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Banking on the Delta: Good Faith Fund loans more than $140,000 to rural self-employed.

Who ever said only established businesses with impeccable credit histories are eligible for loans?

It certainly wasn't the Good Faith Fund.

An affiliate of Southern Development Bancorporation of Arkadelphia, the Pine Bluff-based Good Faith Fund assists self-employed residents of rural southeast Arkansas.

The Good Faith Fund provides networking opportunities, training, technical assistance, group savings and business credit.

Since its inception in 1988, the Good Faith Fund has made 65 loans totaling more than $140,000. The majority of the fund's clients are women and/or minorities. About 20 percent are welfare recipients who are trying to become self-supporting.

The effort's success is due in large part to the dedication of its executive director, Julia Vindasius.

Vindasius was chosen last month as one of the country's "40 Bankers Under 40" by American Banker. She came to Southern Development Bancorporation from the company on which the Arkansas development bank is based, Shorebank Corp. of Chicago.

"The management of Shorebank was involved in the development of Southern Development Bancorporation," says the University of California at Berkeley and Massachusetts Institute of Technology graduate. "Part of my work was planning the Good Faith Fund."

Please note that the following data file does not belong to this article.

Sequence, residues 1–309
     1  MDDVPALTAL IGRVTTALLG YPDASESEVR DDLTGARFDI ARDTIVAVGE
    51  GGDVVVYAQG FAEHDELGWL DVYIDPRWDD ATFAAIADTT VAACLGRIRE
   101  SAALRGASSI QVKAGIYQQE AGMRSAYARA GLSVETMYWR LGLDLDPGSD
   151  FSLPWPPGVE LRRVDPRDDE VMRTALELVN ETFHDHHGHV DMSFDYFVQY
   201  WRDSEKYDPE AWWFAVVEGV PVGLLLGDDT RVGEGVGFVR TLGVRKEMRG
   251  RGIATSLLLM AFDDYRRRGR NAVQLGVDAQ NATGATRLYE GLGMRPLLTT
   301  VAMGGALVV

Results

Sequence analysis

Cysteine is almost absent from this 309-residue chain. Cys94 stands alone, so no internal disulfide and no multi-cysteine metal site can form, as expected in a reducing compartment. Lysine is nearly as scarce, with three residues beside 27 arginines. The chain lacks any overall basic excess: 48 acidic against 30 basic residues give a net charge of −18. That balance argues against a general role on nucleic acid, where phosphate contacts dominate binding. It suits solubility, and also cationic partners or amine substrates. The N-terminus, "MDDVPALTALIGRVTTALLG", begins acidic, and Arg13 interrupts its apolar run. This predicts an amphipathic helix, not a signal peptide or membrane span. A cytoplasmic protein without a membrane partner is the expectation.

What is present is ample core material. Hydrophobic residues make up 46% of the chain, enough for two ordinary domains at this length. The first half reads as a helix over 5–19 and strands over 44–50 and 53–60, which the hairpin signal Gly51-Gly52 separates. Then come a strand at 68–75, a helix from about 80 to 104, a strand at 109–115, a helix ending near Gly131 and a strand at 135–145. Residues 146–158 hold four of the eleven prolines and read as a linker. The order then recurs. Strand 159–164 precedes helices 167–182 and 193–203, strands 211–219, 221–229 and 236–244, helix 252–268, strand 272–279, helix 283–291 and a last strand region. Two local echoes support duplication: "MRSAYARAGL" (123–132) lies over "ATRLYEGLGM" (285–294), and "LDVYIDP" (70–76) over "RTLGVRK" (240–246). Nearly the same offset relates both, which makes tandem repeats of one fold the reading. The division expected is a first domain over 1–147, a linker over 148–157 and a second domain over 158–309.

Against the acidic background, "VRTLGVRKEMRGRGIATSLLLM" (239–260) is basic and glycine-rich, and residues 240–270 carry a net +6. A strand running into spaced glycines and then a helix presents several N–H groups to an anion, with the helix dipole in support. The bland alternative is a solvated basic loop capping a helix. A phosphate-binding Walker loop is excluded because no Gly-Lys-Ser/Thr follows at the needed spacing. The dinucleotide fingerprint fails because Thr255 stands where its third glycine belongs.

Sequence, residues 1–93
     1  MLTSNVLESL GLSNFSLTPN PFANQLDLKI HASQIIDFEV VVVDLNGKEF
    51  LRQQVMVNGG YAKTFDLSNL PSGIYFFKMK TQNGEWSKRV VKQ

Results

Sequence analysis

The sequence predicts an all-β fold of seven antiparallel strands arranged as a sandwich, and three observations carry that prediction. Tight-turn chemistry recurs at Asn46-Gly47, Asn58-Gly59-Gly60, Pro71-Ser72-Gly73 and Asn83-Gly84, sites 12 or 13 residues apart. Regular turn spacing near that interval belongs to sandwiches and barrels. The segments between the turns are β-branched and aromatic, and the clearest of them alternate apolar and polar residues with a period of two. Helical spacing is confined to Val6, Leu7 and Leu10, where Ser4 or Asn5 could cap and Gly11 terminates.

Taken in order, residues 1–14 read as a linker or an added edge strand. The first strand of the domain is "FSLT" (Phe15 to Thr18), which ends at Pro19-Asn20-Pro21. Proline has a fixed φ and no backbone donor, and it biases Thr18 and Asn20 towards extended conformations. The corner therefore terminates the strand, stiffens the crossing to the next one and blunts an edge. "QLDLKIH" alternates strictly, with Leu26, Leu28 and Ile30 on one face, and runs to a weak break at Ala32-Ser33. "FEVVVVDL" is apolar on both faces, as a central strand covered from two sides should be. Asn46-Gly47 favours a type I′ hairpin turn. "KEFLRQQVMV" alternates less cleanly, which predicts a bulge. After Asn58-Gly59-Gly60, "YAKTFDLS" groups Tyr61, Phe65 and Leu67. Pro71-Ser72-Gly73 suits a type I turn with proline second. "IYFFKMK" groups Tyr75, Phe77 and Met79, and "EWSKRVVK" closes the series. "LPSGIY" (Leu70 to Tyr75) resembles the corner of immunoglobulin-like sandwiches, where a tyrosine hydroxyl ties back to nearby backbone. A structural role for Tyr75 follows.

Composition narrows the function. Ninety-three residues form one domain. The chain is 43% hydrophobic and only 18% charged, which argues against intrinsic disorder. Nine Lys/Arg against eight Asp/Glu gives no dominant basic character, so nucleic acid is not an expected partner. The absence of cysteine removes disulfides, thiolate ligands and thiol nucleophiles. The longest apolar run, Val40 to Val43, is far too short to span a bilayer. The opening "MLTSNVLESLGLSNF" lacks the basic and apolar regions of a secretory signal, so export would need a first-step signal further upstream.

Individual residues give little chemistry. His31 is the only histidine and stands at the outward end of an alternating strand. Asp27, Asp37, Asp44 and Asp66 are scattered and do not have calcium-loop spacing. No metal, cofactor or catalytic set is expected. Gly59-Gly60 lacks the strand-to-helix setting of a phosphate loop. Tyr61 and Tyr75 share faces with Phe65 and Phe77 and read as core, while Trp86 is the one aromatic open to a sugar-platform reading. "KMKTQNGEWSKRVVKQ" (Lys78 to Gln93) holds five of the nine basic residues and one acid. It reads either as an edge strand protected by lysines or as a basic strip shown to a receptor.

Vindasius journeyed to Bangladesh in 1988 to observe a high-risk lending program launched by the Grameen Bank. She was convinced a similar program would work in the rural South.

She was right.

In three years, Arkansas' Good Faith Fund has spawned more than a dozen offspring in the South and Midwest.

Offices in Monticello, Hamburg, McGehee and Lake Village are satellites for the Pine Bluff headquarters. The five offices serve a seven-county area of the Delta.

"Micro-Loans"

What makes the program unique?

The Good Faith Fund offers small loans to self-regulated borrowers known as "peer lending groups."

For a $10 membership fee, a prospective entrepreneur can join the Good Faith Fund and participate in a six-session training program. The program teaches basic business skills.

Potential borrowers then form groups of four to six members. Each group is granted a pool of money, usually $1,200 per member. Groups become their own loan committees, reviewing and approving each member's "micro-loan" proposal.

Mutual support, membership responsibility and feedback are central to the group process.

"The whole idea is to give borrowers the authority and responsibility to make decisions about capital for themselves," Vindasius says.

If delinquencies have been minimal and no defaults have occurred, a group's money pool is doubled after one year.

The Good Faith Fund has a 5 percent default rate.

The maximum loan given by the fund is $5,000. Vindasius says loans as small as $150 have been granted.

"It's a way for people to test their business plan and their ability to repay credit," she says. "We provide a way for people who can't get conventional credit to get back on their feet."

"We look past bankruptcies and bad credit," says Angela Dooley, the Good Faith Fund's loan representative. "|We~ see collateral in a person's character."
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Title Annotation:Across Arkansas
Author:Harper, Kim
Publication:Arkansas Business
Date:Feb 10, 1992
Words:488
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